My favorite CO2 air pistol of all time Part 3

My favorite CO2 air pistol of all time Part 3

And what makes it special

By Dennis Adler

Out of the two dozen CO2 models I talked about this week that have been developed over the last four years, there are five that have become my absolute favorites, well seven if you count the Mini Uzi and MP40, but for practical purposes, I’m limiting this final five to handguns. The choices are obvious to those who have read Airgun Experience over the past three years, and one of these is my absolute favorite among the Colt Peacemaker, Sig WE THE PEOPLE, CZ 75 SP-01 Shadow (Blue), Tanfoglio Gold Custom and Umarex Legends Mauser M712 Broomhandle.

Having a favorite anything means you have had it for awhile, unless something comes along that is so overwhelming it surpasses everything before it. In the world of firearms that only happens once in a great while. With blowback action CO2 models based on actual centerfire guns, it can happen more often because air pistols not only have ties to the latest guns, but can just as easily be based on guns from the past; with air pistols a new gun is always interesting, but it isn’t always new. One of the best examples of this was last year’s Umarex HK USP, a gun that has been around for some time but as a new blowback action CO2 pistol really hit it out of the park. The next closest was the Umarex Glock 17, a design that has been around as a 9mm pistol since 1982. Both are great and maybe in a few years one of them will become a favorite for me, but what I consider a favorite gun has a deeper meaning.

Five Keepers

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There are five CO2 pistols I consider my “absolute keepers.” These are models that I would not want to part with. Every one of them is a gun that readers picked to be my favorite of all time. Of course, “of all time” in this context is only a period of about four years, prior to that none of them existed as air pistols. But they did exist as centerfire guns, and that’s what makes these five very special.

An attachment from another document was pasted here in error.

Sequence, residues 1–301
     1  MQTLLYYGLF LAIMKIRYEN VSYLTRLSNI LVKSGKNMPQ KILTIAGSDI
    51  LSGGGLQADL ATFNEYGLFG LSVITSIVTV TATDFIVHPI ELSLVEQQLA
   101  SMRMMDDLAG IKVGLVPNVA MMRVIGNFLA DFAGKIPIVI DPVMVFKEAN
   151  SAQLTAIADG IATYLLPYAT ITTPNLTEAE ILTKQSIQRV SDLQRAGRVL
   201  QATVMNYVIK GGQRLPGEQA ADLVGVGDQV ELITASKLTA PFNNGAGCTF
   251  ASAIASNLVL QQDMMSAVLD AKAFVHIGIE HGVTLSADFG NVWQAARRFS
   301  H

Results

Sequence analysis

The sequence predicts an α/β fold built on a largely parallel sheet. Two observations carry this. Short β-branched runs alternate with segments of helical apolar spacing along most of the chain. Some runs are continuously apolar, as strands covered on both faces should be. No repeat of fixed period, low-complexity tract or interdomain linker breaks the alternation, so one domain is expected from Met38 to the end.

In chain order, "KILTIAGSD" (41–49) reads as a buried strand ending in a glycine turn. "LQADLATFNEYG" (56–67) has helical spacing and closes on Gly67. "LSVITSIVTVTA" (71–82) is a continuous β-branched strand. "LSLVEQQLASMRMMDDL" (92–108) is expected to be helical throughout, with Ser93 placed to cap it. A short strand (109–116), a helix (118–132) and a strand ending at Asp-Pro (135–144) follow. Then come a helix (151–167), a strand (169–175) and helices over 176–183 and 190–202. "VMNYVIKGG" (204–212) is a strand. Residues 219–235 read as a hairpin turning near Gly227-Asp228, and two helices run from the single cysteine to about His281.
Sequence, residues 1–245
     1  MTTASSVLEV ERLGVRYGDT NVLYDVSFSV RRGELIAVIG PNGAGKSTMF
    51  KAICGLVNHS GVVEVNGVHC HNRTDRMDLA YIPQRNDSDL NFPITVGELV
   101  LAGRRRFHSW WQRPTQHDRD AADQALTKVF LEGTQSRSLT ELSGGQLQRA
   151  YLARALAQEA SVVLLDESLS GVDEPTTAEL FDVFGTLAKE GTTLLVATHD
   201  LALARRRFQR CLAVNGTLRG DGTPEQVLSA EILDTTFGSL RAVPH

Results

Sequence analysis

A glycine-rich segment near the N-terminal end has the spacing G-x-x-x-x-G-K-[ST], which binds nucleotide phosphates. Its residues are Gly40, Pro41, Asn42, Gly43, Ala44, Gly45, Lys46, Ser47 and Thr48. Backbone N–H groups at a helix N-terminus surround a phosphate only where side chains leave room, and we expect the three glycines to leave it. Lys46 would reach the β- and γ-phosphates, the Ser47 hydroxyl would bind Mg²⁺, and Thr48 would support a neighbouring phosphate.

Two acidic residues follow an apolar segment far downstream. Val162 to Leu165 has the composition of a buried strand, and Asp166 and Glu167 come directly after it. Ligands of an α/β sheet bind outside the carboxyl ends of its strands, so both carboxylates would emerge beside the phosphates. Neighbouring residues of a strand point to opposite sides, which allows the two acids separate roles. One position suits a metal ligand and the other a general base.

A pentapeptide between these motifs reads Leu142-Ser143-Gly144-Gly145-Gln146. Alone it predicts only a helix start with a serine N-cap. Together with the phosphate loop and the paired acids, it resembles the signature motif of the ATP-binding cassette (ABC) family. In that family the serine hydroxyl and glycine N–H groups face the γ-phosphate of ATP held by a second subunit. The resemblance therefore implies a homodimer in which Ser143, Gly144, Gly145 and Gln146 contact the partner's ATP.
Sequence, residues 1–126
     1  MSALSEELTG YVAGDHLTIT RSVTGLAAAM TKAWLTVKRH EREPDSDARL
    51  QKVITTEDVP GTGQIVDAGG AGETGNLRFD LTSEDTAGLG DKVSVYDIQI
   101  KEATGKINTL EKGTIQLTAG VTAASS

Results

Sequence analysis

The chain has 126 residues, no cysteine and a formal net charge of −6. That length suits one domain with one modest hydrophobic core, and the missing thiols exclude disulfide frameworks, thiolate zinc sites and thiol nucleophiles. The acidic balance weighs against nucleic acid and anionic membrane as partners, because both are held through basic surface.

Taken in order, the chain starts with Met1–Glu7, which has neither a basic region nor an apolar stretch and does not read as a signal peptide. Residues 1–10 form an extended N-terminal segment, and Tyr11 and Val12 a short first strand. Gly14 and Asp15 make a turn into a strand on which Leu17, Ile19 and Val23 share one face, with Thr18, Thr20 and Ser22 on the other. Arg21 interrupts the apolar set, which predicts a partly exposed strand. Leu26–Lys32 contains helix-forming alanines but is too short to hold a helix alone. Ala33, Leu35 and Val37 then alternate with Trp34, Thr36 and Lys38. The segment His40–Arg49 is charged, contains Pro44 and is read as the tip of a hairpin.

I don’t think there is a better revolver, single or double action reproduced as a CO2 model that can outshoot an old fashioned Peacemaker. The 7-1/2 inch nickel pellet models are my favorites, and the engraved version the best of them all. My Adams & Adams hand engraved model was the prototype but every one is exactly the same. It is a lot of money to put into a CO2 Peacemaker, but those of you who purchased them know it was money well spent. (Holster by John Bianchi Frontier Gunleather)

More people picked the Peacemaker than any other and it was a logical choice given my background. The 7-1/2 inch engraved nickel model is one of my very personal favorites because I was the one who suggested having these very authentic Umarex Colts given the same engraving treatment as the centerfire models. My 7-1/2 inch Umarex is the actual engraving prototype for the limited series of guns done for Pyramyd Air by Adams & Adams. If not for one other CO2 model that came along, the Peacemaker would be my all time favorite, but it is only one of five.

The Tanfoglio Gold Custom was among the first CO2 models I purchased and over the last few years it has never been outdone for overall features and accuracy by newer air pistols. If you are into target shooting, this is the CO2 pistol to own.

The gun that is my favorite has been my favorite since it came out. But first, the gun that almost knocked it out, the Tanfoglio Gold Custom. I have had this model since it was introduced. It has proven to be the most accurate blowback action CO2 pistol there is. Even though a few newer guns may be more appealing, they can’t outshoot it, and that makes this very authentic copy of a championship competition pistol another of my five favorites.

A touch of blue and black makes the CZ 75 SP-01 Shadow a better looking gun. These three pieces, grips and magwell, are available from Pyramyd Air as well. Fully equipped with the optics bridge the Shadow Blue was almost as accurate as another of my favorites.

The closest I came to finding a better gun than the Tanfoglio was the aftermarket customized CZ 75 SP-01 Shadow Blue. From a purely visual perspective it is one of the best-looking blowback action CO2 target pistols there is (and if you don’t like it in blue it can be done in CZ’s competition orange or red versions, but I like the almost turquoise blue anodized aluminum accessories best). It can’t quite outshoot the Tanfoglio, but it does give it a run for looks.